“Envy was one of the most potent causes of unhappiness.” ~Bertrand Russell
Everyone feels it. Envy is universal. I can trace my first feelings of envy to my childhood. I grew up with six sisters, each one taller and thinner than I was. On top of that, they all had pretty, long, thick hair. Mine was thin, fine, and unruly. I wore a bra as early as fifth grade. They didn’t need one until high school.
I had a bad case of sister envy. Once, when I was mad at my oldest sister, I actually imagined taking scissors to her long, lovely locks in the middle of the night. Of course, I never did, but I wanted to!
Today, we are good friends. We have each other’s back.
Envy is a resentful emotion. I measured my beauty against the beauty of my sisters. I felt inferior and made them superior. I felt ugly on the inside and blamed it on the outside. I was too young to understand.
I now know that envy centers on feelings of not enough, resentment, doubt, scarcity, and longing. With my sisters, I can’t say that I didn’t feel animosity toward them. However, the anguish I felt within was much worse.
Today, my envy lies in comparing myself to other writers or bloggers who have bestsellers, more readers, and more sales than I have. Never mind what they did to get there. My ego wants me to believe they have had an unfair advantage.
Seth Godin, bestselling author, calls the Internet the envy amplifier.
“Used to be that the only Jones you needed to worry about was the one who lived next door. Now, if you choose too, it’s easy to find someone taller, richer, more successful, better liked, with more followers, online friends, connections and endorsements. And certainly it will be someone less deserving than you.”
It’s not natural to be constantly stressed, upset, reactive, envious, and fearful. It’s just as easy to be brave, courageous, and bold. Don’t allow the success of others to hold you back.
8 Tips to Neutralize Your Envy
1. Want what you have.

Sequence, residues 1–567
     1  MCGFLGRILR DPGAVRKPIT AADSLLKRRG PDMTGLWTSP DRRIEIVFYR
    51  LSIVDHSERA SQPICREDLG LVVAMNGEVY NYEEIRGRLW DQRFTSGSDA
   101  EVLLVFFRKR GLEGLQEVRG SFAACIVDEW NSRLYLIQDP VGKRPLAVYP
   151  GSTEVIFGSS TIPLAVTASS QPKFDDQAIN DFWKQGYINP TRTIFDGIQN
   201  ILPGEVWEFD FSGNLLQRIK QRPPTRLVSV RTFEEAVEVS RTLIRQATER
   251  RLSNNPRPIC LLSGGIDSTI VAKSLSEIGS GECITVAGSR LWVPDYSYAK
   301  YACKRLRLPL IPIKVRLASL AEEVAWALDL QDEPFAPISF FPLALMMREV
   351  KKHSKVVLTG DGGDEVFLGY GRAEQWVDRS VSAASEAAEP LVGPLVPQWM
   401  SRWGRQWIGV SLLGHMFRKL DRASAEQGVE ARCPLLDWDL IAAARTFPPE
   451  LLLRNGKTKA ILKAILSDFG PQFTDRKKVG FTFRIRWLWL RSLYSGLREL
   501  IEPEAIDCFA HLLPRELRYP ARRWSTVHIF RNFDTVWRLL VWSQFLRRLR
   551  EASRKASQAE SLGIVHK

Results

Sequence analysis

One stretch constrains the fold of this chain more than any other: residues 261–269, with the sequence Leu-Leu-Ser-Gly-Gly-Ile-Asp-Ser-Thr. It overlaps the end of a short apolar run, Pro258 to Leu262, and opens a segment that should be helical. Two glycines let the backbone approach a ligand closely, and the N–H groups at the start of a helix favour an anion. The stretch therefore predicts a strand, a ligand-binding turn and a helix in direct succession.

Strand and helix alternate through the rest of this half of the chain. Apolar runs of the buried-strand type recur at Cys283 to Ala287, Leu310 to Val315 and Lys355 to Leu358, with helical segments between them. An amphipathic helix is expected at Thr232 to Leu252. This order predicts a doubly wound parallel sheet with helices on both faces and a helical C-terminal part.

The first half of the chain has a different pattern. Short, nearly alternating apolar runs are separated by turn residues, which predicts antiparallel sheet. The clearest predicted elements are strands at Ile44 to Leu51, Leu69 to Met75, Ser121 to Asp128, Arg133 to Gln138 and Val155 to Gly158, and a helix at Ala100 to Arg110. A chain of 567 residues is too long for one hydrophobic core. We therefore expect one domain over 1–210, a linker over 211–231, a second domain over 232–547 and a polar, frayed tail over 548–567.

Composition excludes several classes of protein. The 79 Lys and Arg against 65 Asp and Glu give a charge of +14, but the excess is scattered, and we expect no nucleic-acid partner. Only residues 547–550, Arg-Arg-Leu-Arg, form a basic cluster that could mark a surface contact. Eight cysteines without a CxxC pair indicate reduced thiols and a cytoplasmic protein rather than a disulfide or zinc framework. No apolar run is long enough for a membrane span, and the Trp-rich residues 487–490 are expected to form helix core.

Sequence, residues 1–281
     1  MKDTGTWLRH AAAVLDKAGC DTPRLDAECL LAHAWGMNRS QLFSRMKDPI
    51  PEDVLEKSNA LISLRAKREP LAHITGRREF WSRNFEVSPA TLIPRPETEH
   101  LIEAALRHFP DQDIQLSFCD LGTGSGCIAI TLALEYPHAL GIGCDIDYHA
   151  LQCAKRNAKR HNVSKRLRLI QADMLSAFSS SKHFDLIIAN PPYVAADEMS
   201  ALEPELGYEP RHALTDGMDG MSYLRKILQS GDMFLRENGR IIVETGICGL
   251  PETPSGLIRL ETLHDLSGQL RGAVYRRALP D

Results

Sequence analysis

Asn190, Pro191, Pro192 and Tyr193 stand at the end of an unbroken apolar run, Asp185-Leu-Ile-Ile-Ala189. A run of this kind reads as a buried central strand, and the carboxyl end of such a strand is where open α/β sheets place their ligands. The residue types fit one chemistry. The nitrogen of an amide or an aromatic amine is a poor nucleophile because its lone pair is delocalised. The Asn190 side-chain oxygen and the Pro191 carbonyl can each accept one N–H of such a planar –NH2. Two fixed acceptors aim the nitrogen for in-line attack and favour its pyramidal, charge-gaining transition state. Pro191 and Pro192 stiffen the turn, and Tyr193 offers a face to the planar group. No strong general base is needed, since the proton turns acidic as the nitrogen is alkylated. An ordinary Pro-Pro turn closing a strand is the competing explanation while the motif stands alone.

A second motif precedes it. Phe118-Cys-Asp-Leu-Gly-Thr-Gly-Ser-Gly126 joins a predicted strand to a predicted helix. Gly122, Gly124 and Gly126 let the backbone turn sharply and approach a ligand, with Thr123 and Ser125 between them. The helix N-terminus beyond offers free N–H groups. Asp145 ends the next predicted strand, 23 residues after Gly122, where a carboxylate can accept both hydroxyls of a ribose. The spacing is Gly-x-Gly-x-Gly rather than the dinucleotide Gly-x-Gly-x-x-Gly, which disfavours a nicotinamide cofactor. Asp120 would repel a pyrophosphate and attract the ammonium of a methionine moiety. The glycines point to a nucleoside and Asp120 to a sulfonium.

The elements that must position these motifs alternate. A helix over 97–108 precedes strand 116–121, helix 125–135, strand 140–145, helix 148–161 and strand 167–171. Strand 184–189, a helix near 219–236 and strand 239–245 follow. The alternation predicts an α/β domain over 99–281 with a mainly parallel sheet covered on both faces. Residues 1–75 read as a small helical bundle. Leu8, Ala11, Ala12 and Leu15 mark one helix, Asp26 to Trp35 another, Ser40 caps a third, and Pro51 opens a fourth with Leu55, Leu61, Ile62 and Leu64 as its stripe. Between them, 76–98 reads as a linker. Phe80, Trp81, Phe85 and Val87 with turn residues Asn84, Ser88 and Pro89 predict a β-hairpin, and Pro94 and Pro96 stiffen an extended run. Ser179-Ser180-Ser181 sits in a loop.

Aristotle wrote, “Envy is pain at the good fortune of others.” When I feel centered and I’m coming from a place of love, I’m happy for the success of others. However, if I’m not centered, I can easily feel a frantic sense of distress when another blogger has what I want.
Sometimes I take it a step further and wish they didn’t have it either. For me, it’s usually a partnership with a better-known blogger. I only need to remind myself that life isn’t meaningful because of what we have, it’s meaningful because of who we are.
My happiness doesn’t depend on how popular my blog is. My happiness has more to do with who I am, writing well, and serving others.
2. Be grateful for your blessings.
When we are envious of others, we discount what we do have—intrinsic worth, love, family, friends, and more! When I’m feeling envious, I only need to spend more time reveling in the joy of what I have. In that space there is no need for greed.
3. Toot your own horn.
Bolster yourself. Be bold. Give yourself the praise and approval you want from others. Pat yourself on the back. Buy yourself a treat. Take yourself out to dinner. Post your success and accomplishments on social media. Create good times for yourself by celebrating who you are and what you do for others.
4. Put away your measuring stick.
I believe all of our fears fit under these three: I am not enough. I don’t do enough. I don’t have enough. To eliminate fear we need to believe that, “I am enough. I have enough. I do enough!” As we adopt these as our core beliefs, competition and comparison will fall off our radar.
5. Don’t get distracted.
If my ego can convince me that others are winning and I am losing, I have an excuse for why I don’t have to try or work hard. Envy and comparison are distractions. I unsubscribe to writers that I’m envious of until I can shift my perception and see things differently.
6. Talk to a friend, coach, or therapist.
If you consistently struggle with envy, seek help and learn how to increase your self-confidence and self-worth.
Envy is something we all feel but we seldom admit it or talk about it. Dr. Phil said, “We can’t erase what we can’t face.” If the Internet exasperated the problem, it’s not going away anytime soon. As a culture, we need to find healthy solutions to this insidious issue.
7. Realize it’s a story.
What story are you telling yourself about your rival? When I’m envious, I feel inferior because I falsely believe that the other person’s possessions or achievements overshadow mine. It’s a harmful story!
When I’m centered, I know that we’re all connected, and that together, we can all use our individual gifts and talents to help heal the world. When I see us all with the same mission, envy evaporates.
8. Take action.
Envy is about fear. Fear that I’m not getting what’s mine. Fear that I’m being left behind. Fear that my work isn’t as important as yours.
The best way to work through your fear is to take action. Choose to be more daring. It’s time to dig deep and connect to your inner genius. The magic lies within your own unique gifts, talents, and journey. When you create from your heart with a loving intention, your work becomes exceptional. Everyone gains.
Life isn’t about what you have and what I do not. Life isn’t about comparison and competition. When we rise above the external rewards and the personal battlefields of our minds, we discover the real meaning of it all.
Our life is a journey of sharing, caring, and making the world a better place for everyone. The rest is just extra!
How do you struggle with envy? What do you need to change?
Photo by kelsey_lovefusionphoto